Imagine being allowed to believe you’re something. Being allowed to believe that in spite of everything you aren’t half bad. Being allowed to withdraw from your wife, from those enhanced lips and pointy breasts pointing at you, like the masses pointing at the guilty party. Being allowed to partake in the good life, rise up from your early grave, reach out and steal an ounce of sweetness from life’s grapes, or perhaps, for a moment, do without life’s fecal stink.

There are older characters, too, some lonely and seeking companionship, like the woman who moves to a Swedish town and quietly seduces her piano teacher, others more than ready for some solitude and willing to move their life partner into a nursing home to achieve it.

But most of all there are people in their twenties and thirties muddling through life, trying to decide whether commitment is a garment they need to wear, feeling in no hurry, now that adolescence has worn off and the slow stifling of dreams that comes in middle age hasn’t yet arrived. Women who flirt with Mickey Mouse performers and want to be proposed to when their blood is hot. Women who make misery porn that is broadcast onto their neghbours’ TVs. Women who miss their younger selves and wish for rebellion and adventure.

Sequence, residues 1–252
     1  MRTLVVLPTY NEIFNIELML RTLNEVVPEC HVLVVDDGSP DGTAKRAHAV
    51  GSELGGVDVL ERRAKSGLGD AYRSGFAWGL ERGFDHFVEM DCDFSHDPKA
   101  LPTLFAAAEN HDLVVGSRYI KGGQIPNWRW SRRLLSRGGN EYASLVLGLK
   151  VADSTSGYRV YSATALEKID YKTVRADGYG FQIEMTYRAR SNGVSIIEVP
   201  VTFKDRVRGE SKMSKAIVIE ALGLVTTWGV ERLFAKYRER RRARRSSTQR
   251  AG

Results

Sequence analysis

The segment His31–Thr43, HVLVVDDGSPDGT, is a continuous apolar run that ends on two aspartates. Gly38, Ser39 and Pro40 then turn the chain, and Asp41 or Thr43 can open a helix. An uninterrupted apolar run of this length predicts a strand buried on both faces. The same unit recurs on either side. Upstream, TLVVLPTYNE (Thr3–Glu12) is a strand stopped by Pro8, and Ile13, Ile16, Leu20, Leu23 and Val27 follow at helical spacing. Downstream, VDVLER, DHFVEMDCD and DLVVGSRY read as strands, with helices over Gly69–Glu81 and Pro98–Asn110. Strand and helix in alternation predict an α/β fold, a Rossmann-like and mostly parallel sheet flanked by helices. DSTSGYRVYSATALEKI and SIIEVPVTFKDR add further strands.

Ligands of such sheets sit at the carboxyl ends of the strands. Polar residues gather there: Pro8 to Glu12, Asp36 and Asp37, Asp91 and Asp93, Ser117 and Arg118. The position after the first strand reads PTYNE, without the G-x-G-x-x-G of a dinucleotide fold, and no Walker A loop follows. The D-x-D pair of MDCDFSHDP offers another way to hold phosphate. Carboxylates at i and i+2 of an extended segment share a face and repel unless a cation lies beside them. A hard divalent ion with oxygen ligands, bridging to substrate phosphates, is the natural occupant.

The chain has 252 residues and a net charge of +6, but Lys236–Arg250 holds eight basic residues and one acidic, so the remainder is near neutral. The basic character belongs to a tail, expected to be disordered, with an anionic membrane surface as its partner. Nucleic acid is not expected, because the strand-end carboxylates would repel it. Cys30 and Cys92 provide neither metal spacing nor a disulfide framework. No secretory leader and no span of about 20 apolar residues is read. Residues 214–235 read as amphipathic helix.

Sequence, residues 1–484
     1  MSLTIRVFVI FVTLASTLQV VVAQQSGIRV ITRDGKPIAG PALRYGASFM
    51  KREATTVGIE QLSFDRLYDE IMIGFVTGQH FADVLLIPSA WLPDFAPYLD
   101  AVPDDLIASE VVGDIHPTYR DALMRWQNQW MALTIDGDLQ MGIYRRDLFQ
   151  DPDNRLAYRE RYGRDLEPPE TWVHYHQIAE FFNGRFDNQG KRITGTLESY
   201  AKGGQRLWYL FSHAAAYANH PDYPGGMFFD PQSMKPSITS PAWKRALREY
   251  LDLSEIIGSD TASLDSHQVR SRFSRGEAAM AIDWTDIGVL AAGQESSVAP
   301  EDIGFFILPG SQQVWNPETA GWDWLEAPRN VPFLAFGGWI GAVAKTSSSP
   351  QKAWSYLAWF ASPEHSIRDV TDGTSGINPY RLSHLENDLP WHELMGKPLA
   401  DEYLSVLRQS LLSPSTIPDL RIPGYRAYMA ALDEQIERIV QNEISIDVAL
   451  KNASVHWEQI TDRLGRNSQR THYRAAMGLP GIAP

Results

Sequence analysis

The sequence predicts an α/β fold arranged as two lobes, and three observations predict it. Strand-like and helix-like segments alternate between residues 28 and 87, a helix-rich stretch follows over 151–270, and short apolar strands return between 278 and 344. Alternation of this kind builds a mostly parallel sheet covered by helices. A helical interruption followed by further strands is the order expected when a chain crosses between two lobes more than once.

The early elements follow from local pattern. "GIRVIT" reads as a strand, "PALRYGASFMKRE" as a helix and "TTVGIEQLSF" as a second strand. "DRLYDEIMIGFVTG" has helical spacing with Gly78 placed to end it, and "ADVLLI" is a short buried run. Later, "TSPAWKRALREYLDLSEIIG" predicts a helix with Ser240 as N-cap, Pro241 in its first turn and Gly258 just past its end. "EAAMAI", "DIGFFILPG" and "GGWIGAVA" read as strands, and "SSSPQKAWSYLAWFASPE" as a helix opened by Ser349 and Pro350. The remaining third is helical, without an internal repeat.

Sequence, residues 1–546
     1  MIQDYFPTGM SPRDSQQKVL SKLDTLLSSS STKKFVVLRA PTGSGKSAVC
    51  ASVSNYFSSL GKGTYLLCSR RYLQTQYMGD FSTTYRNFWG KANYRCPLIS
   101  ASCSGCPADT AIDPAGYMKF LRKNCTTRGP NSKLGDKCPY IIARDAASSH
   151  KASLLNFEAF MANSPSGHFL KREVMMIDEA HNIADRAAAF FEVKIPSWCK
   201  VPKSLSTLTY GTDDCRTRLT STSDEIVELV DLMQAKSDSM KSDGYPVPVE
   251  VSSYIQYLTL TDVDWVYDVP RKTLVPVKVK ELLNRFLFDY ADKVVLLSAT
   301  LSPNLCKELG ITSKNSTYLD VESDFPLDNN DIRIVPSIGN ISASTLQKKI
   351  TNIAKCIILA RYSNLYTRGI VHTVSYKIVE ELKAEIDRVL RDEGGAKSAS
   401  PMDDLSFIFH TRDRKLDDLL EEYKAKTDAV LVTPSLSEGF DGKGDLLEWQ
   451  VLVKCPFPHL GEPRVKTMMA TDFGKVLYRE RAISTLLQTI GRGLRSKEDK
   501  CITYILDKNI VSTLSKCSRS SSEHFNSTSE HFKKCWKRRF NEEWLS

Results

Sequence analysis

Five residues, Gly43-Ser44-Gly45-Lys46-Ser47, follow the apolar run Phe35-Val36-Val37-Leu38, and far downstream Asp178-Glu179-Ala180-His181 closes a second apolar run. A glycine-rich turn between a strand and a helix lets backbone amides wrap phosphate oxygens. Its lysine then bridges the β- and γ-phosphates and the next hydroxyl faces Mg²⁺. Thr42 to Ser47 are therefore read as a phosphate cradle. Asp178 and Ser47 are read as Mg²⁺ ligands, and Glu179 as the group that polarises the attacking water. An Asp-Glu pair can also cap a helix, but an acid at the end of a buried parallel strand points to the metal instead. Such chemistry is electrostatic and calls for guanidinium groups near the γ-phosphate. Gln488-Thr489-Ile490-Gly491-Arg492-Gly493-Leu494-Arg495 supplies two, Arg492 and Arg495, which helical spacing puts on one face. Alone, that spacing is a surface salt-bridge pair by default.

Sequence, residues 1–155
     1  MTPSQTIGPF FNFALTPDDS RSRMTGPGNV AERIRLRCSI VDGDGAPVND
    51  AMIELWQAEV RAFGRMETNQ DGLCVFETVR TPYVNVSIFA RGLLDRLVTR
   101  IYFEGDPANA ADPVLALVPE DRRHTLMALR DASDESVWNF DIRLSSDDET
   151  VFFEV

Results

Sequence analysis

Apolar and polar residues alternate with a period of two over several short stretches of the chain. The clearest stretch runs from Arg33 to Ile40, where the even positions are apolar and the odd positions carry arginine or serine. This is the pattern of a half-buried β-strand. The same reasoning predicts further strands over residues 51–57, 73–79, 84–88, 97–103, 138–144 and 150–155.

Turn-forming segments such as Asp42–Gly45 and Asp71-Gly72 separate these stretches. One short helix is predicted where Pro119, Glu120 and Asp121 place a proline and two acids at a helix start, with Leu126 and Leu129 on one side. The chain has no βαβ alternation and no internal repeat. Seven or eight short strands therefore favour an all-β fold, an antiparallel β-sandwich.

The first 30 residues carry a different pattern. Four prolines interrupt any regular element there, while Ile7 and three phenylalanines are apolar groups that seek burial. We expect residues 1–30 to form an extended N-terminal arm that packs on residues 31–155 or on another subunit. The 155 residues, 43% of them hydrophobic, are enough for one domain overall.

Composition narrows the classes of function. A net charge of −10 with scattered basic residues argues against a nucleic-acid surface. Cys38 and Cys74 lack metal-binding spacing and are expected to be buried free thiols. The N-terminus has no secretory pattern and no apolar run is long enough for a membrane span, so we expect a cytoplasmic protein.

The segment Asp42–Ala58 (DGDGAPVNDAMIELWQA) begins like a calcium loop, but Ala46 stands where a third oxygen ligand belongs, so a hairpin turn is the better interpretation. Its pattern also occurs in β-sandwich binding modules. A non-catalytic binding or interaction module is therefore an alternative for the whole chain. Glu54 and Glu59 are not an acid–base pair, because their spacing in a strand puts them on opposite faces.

The two stories added to this English language edition of the collection concern Swedish women adrift in Spain, speaking Spanish inadequately, feeling like aliens. One is a mother with a young child, married to a Spaniard who encourages her to join a coach trip organised by people she meets at a party. At a church dedicated to Our Lady of the Assumption, she sees a figure dressed in black who pierces her with a stare, causing her to faint, with the consequence that she is isolated from her new found companions once again. The woman in the other story is single and attempts to find friends at a Chinese New Year party. Somehow she ends up living temporarily in Chinatown, offering a psychological service that brings deep peace to her customers. In a beautifully enigmatic ending to her final encounter with a man who weeps deeply and offers her the same service in return, Wolff touches on the unknowability of the human spirit and how it might persist.